September 14 – October 21, 2011
Wed – Fri, 11:00 – 16:30
Magnum Print Room
63 Gee Street
London EC1V 3RS
For any other inquires call: 0207 490 1771
This exhibition, put together by Autograph ABP and Magnum, brings together the work of four different photographers, who have brought the black society into focus through their work as long Magnum members. This exhibition looks across many photographic archival stories in displaying a wide range of different black societies and situations.
The four photographers work that is displayed in this exhibition include Ian Berry, Chris Steele-Perkins, Wayne Miller and George Rodger. Miller was one of the first Western photographers to document the destruction of Hiroshima. He had just returned from World War II working as a Navy photographer when he received two Guggenheim fellowships to fund an in-depth documentation of African-American life on Chicago’s Southside. The project, started in 1946 and which spanned over three years, capturing both the cultural renaissance and the bleak economic realities faced by the city’s largest black community in the post-war era. Miller’s suggestive black and white images provide vital visual history of Chicago when it was at its industrial peak when the stockyards, steel mills and factories were booming.
George Rodger, a British photographer, was one of Magnum’s founding fathers and members since 1947, produced a series of portraits charting the arrival of Afro-Caribbean migrant families at London’s Waterloo station in 1964, photographed as part of a wider project entitled ‘Impressions of Britain’. He has also photographed the London blitz which brought him to the attention of Life magazine, allowing him to become a war correspondent. He won eighteen campaign medals covering Free French activities in West Africa, and went on to document the war front in Eritrea, Abyssinia and the Western Desert. He travelled to Iran, Burma, North Africa, Sicily and Salerno, Italy, where he met and befriended Robert Capa.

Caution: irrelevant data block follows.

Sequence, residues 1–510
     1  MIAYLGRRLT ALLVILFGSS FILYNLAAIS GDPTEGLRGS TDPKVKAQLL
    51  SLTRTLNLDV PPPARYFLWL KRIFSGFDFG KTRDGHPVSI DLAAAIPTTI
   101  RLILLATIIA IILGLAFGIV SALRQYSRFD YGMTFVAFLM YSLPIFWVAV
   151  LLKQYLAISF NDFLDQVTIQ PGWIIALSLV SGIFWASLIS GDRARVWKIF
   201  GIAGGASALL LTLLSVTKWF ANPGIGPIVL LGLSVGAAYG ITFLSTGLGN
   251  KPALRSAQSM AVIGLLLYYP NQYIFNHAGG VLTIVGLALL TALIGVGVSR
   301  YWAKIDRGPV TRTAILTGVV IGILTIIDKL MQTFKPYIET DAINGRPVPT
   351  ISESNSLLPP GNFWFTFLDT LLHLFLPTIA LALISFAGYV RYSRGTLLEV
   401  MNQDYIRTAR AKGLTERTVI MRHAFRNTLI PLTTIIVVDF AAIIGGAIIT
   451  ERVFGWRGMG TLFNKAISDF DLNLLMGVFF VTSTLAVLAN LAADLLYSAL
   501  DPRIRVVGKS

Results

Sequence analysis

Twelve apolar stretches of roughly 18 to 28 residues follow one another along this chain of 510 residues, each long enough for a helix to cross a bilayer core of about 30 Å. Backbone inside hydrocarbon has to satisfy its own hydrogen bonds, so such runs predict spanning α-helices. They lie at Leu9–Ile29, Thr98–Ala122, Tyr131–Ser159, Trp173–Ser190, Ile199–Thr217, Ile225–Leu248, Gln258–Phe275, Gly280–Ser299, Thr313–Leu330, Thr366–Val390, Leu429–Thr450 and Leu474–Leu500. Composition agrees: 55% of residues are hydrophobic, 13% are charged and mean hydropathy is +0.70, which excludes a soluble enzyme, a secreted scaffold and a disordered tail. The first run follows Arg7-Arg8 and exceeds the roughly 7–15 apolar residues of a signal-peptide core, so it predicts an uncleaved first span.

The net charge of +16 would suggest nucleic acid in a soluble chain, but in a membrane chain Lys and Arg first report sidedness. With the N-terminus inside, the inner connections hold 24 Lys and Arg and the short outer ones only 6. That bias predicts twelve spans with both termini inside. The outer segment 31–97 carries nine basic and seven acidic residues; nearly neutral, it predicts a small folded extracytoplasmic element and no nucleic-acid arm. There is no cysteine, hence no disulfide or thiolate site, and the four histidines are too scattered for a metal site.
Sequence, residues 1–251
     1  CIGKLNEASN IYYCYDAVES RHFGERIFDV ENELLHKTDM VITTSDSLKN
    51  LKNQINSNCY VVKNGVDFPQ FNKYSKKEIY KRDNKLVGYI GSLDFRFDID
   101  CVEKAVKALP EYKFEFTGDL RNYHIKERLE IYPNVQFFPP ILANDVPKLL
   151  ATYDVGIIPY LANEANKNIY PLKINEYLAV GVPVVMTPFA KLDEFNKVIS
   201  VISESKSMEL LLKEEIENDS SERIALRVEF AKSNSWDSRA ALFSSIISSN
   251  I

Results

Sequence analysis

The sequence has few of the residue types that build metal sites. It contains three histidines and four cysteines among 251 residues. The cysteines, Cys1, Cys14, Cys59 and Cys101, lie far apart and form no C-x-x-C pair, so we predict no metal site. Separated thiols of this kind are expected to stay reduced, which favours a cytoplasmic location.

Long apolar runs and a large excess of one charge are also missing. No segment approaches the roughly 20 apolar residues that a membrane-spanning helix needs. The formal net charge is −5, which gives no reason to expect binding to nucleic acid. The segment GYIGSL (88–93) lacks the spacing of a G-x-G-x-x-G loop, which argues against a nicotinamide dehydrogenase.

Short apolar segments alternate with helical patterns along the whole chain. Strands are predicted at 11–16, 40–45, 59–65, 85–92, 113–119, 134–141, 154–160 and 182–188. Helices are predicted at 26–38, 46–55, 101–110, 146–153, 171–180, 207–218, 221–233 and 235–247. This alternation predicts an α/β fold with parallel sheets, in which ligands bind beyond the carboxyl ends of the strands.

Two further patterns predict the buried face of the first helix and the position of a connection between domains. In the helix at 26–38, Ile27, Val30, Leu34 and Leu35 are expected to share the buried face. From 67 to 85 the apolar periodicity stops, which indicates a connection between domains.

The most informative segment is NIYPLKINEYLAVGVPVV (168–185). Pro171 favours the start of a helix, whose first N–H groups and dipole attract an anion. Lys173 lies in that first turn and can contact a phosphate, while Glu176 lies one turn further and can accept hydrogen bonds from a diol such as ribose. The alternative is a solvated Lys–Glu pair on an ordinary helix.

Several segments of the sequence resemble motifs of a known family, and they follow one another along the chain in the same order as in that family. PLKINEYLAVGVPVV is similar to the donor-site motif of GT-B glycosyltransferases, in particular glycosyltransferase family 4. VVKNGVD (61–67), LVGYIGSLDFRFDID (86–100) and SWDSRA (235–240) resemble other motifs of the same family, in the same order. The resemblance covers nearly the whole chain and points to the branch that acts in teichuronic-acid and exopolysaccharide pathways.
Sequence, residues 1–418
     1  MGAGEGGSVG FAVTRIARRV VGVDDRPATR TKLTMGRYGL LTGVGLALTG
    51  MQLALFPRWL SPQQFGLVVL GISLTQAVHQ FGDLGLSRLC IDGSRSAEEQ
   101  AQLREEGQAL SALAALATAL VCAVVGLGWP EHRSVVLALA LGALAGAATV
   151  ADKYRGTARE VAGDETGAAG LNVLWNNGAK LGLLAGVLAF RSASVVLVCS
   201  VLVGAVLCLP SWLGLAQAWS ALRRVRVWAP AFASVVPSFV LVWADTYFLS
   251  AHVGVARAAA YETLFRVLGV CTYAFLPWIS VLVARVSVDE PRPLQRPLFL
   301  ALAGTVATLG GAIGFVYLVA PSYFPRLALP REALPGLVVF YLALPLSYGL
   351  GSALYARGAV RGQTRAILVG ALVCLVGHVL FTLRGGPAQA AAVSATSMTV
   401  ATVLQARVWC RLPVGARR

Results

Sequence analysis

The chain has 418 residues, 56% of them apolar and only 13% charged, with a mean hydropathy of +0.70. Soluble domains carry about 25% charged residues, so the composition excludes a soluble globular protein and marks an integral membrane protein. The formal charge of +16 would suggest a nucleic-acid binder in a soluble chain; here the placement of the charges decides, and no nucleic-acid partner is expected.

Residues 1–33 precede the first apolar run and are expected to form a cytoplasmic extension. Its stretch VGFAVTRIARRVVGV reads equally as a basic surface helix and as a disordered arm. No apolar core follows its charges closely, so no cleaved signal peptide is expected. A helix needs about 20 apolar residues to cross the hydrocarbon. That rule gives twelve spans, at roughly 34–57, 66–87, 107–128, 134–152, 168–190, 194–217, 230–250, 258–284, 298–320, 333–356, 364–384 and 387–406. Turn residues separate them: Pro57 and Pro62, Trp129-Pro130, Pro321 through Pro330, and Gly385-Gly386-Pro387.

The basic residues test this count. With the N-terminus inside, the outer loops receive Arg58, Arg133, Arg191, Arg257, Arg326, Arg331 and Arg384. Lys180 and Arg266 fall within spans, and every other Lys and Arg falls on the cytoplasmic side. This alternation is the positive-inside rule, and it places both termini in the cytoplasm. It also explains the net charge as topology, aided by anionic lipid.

Ian Berry spent a significant period during the 60s and 70s photographing England as part of the first Arts Council Photography Bursary, after he documented his powerful depiction of South Africa during the apartheid. His photographs displaying multicultural and black communities include several photographs that expose an increasingly diverse British society.
Chris Steele-Perkins’ portfolio includes intimate portraits in 1970s Brixton; families dressed in their church clothes, schoolboys toying with the latest stereo technology, and a documentary series on Wolverhampton’s dancehall and disco club scene in 1978. Steele-Perkins joined Magnum Photos in 1979 and began working extensively in less developed counties, such as Africa, Central America and Lebanon.
‘Curators in most instances simply replicate and maintain the power structures inherent in the archive. This process signifies an enquiry into what is clearly unfinished representational business, as we look further into the world’s image banks. The challenge is to avoid the trap of definitive story telling and to present photographs that enable reinterpretive moments, meanings and references to surface from within the archive. References that generate either real orn imagined experiences that enter the diverse fields of perception that viewing these historical photographs may trigger’. Mark Sealy, Director, Autograph ABP